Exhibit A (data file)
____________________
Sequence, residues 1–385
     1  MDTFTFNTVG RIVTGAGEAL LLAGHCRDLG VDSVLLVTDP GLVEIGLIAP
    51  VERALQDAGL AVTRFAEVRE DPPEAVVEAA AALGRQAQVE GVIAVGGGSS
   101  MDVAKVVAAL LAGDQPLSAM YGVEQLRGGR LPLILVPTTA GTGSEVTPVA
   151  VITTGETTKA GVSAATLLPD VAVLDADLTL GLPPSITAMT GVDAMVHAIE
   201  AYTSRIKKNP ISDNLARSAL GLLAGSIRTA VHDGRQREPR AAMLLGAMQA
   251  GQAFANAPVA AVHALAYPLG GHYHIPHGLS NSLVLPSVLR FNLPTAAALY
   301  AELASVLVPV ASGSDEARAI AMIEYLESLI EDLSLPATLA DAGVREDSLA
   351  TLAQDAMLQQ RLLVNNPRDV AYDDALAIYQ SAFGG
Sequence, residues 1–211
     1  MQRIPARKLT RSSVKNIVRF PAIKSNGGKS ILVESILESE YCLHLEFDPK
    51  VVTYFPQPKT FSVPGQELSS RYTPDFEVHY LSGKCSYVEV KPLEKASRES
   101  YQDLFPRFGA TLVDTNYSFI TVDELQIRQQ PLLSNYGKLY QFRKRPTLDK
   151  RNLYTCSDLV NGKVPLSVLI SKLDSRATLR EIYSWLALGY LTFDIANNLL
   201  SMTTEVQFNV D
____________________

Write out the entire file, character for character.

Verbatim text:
Sequence, residues 1–385
     1  MDTFTFNTVG RIVTGAGEAL LLAGHCRDLG VDSVLLVTDP GLVEIGLIAP
    51  VERALQDAGL AVTRFAEVRE DPPEAVVEAA AALGRQAQVE GVIAVGGGSS
   101  MDVAKVVAAL LAGDQPLSAM YGVEQLRGGR LPLILVPTTA GTGSEVTPVA
   151  VITTGETTKA GVSAATLLPD VAVLDADLTL GLPPSITAMT GVDAMVHAIE
   201  AYTSRIKKNP ISDNLARSAL GLLAGSIRTA VHDGRQREPR AAMLLGAMQA
   251  GQAFANAPVA AVHALAYPLG GHYHIPHGLS NSLVLPSVLR FNLPTAAALY
   301  AELASVLVPV ASGSDEARAI AMIEYLESLI EDLSLPATLA DAGVREDSLA
   351  TLAQDAMLQQ RLLVNNPRDV AYDDALAIYQ SAFGG
Sequence, residues 1–211
     1  MQRIPARKLT RSSVKNIVRF PAIKSNGGKS ILVESILESE YCLHLEFDPK
    51  VVTYFPQPKT FSVPGQELSS RYTPDFEVHY LSGKCSYVEV KPLEKASRES
   101  YQDLFPRFGA TLVDTNYSFI TVDELQIRQQ PLLSNYGKLY QFRKRPTLDK
   151  RNLYTCSDLV NGKVPLSVLI SKLDSRATLR EIYSWLALGY LTFDIANNLL
   201  SMTTEVQFNV D